After the appropriate choice of the state vector variables, the conservation laws, Eqs. (7) and (8), are re-written in flux-conservative form. The flow variables are expressed in terms of a parameter vector as

where , and . The vector represents the state vector (the unknowns), and each vector is the corresponding flux in the coordinate direction .

Eulderink and Mellema computed the appropriate ``Roe matrix'' [183] for the vector (41) and obtained the corresponding spectral decomposition. The characteristic information is used to solve the system numerically using Roe's generalized approximate Riemann solver. Roe's linearization can be expressed in terms of the average state , where L and R denote the left and right states in a Riemann problem (see Section 3.2). Further technical details can be found in [62, 64].

The performance of this general relativistic Roe solver was tested in a number of one-dimensional problems for which an exact solution is known, including non-relativistic shock tubes, special relativistic shock tubes and spherical accretion of dust and a perfect fluid onto a (static) Schwarzschild black hole. In its special relativistic version it has been used in the study of the confinement properties of relativistic jets [63]. No astrophysical applications in strong-field general relativistic flows have yet been attempted with this formulation.

Note that these variables slightly differ from previous choices (see, e.g., Eqs. (24), (33), (34), (35) and (41)). With those definitions the equations take the standard conservation law form,

with
*A*
=(0,
*i*,4). The flux vectors
and the source terms
(which depend only on the metric, its derivatives and the
undifferentiated stress energy tensor), are given by

The state of the fluid is uniquely described using either vector of variables, i.e. either or , and each one can be obtained from the other via the definitions (42, 43, 44) and the use of the normalization condition for the 4-velocity, .

The local characteristic structure of these equations has been presented in [171]. The formulation has proved well suited for the numerical implementation of HRSC schemes. A comprehensive numerical study of this approach was also presented in [171], where it was applied to simulate one-dimensional relativistic flows on null spacetime foliations. The demonstrations performed include standard shock tube tests in Minkowski spacetime, perfect fluid accretion onto a Schwarzschild black hole using ingoing null Eddington-Finkelstein coordinates, and dynamical spacetime evolutions of polytropes (i.e. stellar models satisfying the Tolman-Oppenheimer-Volkoff equilibrium equations) sliced along the radial null cones, and accretion of self-gravitating matter onto a central black hole.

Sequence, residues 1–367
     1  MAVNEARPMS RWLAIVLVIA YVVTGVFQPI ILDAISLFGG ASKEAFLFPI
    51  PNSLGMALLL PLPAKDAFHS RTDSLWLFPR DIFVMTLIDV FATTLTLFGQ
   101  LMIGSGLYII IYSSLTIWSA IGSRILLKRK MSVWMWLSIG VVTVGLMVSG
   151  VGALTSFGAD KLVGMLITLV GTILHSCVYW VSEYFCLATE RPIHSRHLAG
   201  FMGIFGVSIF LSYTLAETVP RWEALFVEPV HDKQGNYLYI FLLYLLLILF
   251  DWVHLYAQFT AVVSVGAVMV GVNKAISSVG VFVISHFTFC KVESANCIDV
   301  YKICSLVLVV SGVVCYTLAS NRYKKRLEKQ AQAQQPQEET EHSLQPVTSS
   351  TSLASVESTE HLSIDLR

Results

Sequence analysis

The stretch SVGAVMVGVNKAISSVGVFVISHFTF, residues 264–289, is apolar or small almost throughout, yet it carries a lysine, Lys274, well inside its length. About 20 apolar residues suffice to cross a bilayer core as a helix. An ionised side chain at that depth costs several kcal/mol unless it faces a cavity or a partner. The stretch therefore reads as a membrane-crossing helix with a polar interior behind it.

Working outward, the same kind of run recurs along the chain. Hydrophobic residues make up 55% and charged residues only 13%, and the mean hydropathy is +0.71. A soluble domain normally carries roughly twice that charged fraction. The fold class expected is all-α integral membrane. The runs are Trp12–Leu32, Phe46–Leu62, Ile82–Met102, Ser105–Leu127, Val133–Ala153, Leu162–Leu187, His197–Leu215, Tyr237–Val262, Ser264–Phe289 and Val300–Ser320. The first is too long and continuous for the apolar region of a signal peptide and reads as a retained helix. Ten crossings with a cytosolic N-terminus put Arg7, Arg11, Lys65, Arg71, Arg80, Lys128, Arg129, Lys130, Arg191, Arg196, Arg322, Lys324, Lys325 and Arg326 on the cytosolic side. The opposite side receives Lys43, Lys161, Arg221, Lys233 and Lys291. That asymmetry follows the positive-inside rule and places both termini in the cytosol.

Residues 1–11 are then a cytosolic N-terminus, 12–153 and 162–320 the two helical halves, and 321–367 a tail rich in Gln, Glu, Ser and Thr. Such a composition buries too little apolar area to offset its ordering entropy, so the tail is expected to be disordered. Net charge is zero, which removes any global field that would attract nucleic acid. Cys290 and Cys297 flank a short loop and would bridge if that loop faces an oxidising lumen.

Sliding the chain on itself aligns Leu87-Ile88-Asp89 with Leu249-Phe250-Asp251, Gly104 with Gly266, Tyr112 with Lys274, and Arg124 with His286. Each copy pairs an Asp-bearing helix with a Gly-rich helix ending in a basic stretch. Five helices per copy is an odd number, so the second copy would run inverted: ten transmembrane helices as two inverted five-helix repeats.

Procedures for integrating various forms of the hydrodynamic
equations on null hypersurfaces have been presented before
in [103] (see [28] for a recent implementation). This approach is geared towards
smooth isentropic flows. A Lagrangian method, applicable in
spherical symmetry, has been presented by [139]. Recent work in [58] includes a Eulerian non-conservative formulation for general
fluids in null hypersurfaces and spherical symmetry, including
their
*matching*
to a spacelike section.

A technical remark must be included here: In all conservative formulations reviewed in Sections 2.1.3, 2.2.1, 2.2.2, the time-update of the numerical algorithm is applied to the conserved quantities . After the update the vector of primitive quantities must be reevaluated, as those are needed in the Riemann solver (see Section 3.1.2). The relation between the two sets of variables is not in closed form and, hence, the update of the primitive variables is done using a root-finding procedure, typically a Newton-Raphson algorithm. This feature may lead to accuracy losses in regions of low density and small speeds, apart from being computationally inefficient. Specific details on this issue can be found in [17, 64, 171]. We note that the covariant formulation discussed in this section, when applied to null spacetime foliations, allows for an explicit recovery of the primitive variables, as a consequence of the particular form of the Bondi-Sachs metric. We end by pointing out that the formulation presented in this section has been developed for a perfect fluid EOS. Extensions to account for generic EOS, as well as a comprehensive analysis of general relativistic hydrodynamics in conservation form, have been recently presented in [168].

Numerical Hydrodynamics in General Relativity
José A. Font
http://www.livingreviews.org/lrr-2000-2
© Max-Planck-Gesellschaft. ISSN 1433-8351 Problems/Comments to livrev@aei-potsdam.mpg.de |